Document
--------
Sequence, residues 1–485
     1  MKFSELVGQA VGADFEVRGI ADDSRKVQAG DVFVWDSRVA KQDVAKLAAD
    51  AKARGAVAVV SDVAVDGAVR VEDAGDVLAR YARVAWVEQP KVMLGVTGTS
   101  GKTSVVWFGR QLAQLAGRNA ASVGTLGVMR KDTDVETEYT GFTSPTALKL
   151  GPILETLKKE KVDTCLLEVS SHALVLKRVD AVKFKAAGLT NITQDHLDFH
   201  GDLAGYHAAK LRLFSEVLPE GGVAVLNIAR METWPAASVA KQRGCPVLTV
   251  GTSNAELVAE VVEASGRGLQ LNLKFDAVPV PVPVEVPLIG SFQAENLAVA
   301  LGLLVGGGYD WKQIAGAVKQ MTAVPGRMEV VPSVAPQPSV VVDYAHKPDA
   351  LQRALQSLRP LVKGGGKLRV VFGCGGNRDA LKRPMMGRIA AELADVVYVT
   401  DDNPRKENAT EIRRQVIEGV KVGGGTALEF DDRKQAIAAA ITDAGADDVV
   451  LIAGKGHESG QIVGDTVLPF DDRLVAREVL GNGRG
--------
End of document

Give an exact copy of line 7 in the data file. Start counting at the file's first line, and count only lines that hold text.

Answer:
   251  GTSNAELVAE VVEASGRGLQ LNLKFDAVPV PVPVEVPLIG SFQAENLAVA